This is most interesting, as George Strange Boulton, [his house here] that indefatigable entrepreneur, registrar of the district, land speculator, politician and member of the Harbour Company, the Inland Waterways Company and the Cobourg Railway Company, owned all of one side of D'Arcy Street, while his nephew D'Arcy Boulton owned most of the other side. With a railway running through it, this would be prime land indeed. It is also curious that some 10 years later, when the town contracted Baird to look into the dredging and repair of the harbour, his report should come back with the recommendation that the area east of the east pier be dredged so as to expand the harbour over to a new wharf or jetty at the bottom of D'Arcy Street. This would have put paid to Cobourg's beach. In the margin of the copy of this report one can just make out the penciled comment, "No bloody way!"
The government granted 10,000 pounds for the commencement of work. More community meetings were held in local hotels, more money was subscribed and the Cobourg Star became such a booster of the idea that it was confident that every householder in Cobourg would eventually get on board. "... to place any limit," they said, "on the amount of produce to be realized... seems to us utter presumption and folly."
We do not know how much actual work was done on the road at this stage. Events outside the country took a devastating toll on all such schemes. During 1836 the President of the United States began his attack on the central reserve bank, which he hated as representing the old, monied, eastern establishment and which he saw as counter to the new spirit of democracy which his re-election stood for. The effect was dramatic. The almost completely unregulated U.S. banking system had worried investors for some time. Fortunes were made and lost in land speculation using paper currency at heavy discounts to buy grossly overvalued properties in the expanding west. The banks began to collapse as investors scrambled to try to retrieve their money. The repercussions were felt in Canada and Britain and soon the tiny Canadian banks were forced to close their doors to prevent a run on gold.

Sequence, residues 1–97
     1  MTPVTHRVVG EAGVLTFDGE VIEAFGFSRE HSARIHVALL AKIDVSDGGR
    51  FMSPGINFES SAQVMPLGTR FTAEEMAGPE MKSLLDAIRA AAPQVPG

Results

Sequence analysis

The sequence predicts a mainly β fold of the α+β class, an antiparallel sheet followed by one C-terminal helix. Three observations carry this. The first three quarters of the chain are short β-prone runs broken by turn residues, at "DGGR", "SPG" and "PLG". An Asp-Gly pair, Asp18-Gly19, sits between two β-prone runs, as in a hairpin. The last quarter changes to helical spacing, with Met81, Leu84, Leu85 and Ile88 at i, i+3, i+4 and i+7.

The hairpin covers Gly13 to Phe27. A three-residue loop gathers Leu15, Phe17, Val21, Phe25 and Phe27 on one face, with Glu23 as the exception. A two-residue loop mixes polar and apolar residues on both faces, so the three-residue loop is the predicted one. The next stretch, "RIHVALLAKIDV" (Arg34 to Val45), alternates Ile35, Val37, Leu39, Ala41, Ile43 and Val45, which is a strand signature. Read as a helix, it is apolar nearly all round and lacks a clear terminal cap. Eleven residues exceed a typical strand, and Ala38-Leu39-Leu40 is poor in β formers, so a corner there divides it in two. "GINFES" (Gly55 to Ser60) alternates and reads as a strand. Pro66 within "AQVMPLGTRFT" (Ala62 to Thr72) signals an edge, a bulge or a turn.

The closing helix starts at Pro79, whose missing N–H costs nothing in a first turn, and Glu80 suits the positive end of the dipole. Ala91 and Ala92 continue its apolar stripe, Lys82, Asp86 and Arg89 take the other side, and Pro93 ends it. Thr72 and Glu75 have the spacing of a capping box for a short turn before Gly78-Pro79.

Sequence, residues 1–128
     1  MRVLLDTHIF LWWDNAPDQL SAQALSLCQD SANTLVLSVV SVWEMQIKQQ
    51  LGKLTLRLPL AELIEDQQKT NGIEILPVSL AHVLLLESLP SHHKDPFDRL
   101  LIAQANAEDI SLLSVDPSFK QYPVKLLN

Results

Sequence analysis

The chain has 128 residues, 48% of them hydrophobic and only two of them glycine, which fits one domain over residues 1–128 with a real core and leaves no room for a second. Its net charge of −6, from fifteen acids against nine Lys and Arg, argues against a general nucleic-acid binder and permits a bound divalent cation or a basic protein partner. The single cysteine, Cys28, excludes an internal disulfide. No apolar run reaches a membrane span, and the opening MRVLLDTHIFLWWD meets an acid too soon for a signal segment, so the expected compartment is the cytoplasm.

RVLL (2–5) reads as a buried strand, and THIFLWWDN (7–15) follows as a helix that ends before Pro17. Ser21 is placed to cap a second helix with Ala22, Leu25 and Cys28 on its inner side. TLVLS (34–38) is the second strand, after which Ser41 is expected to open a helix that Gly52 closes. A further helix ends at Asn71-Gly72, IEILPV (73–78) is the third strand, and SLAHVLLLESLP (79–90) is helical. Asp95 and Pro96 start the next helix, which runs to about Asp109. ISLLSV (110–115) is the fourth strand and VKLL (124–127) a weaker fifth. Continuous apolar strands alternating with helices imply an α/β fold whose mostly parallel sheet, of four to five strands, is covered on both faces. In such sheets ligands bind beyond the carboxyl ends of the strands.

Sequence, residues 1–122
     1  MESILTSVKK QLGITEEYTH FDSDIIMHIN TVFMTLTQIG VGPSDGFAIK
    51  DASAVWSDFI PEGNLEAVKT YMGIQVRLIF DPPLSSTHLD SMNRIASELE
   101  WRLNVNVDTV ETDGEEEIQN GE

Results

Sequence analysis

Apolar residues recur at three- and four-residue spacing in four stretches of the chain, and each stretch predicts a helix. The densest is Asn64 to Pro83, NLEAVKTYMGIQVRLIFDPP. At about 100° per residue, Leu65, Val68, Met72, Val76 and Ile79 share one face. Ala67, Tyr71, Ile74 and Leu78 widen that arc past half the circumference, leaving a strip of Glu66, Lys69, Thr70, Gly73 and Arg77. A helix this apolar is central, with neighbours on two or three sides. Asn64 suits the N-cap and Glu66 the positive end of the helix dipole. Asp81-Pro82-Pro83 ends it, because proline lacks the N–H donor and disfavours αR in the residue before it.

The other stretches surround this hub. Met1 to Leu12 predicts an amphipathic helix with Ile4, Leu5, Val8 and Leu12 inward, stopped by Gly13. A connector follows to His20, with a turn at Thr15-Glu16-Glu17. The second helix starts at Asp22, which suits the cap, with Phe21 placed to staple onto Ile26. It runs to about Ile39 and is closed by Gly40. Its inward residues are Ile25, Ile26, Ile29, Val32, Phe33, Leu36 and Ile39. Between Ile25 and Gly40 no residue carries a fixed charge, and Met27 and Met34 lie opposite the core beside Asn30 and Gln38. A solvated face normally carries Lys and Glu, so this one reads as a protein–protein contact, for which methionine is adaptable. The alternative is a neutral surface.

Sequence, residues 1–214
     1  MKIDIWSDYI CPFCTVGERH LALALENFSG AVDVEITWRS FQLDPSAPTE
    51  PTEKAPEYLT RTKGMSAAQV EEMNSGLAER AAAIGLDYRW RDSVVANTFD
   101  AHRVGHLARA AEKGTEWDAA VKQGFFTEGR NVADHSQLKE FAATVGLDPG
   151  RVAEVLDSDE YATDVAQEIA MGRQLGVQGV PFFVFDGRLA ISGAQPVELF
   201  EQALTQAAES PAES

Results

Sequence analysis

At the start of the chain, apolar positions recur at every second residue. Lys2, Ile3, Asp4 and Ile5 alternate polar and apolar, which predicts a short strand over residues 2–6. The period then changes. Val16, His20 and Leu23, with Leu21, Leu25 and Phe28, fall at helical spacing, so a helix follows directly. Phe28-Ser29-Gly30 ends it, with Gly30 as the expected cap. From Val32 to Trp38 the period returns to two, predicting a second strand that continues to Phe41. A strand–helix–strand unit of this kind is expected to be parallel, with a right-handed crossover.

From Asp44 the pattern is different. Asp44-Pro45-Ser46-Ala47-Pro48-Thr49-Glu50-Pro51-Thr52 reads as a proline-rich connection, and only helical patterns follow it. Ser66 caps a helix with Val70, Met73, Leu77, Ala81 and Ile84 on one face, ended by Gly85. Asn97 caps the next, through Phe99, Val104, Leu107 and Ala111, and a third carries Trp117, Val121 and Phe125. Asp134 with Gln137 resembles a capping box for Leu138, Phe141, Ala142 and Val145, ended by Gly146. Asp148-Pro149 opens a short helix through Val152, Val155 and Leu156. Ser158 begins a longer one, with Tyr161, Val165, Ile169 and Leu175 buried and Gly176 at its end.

The Cobourg Railway Co. met several times to postpone the end by granting extensions on payment of the 10 per cent down payments on the sums pledged in the public meetings.
Into 1837 the depression deepened as investors pulled out of large projects. Political events in Upper Canada combined with the economic uncertainty to delay public works. By the time the rebellion broke out in Lower and then Upper Canada in the late fall of 1837, all hope of commencing the railway dried up. Work on repairing the new, faulty Bobcaygeon lock ceased.
It was to be 15 years before the railway project was revived. The legislation authorizing incorporation specified that work must be started and completed within set times. These now passed with the company still granting extensions to those who had pledged their 10 per cent down payments on the stock.
No one knows what happened to that 10,000 pounds.
Written by Colin Caldwell
Part 4 is on this page and an index is below.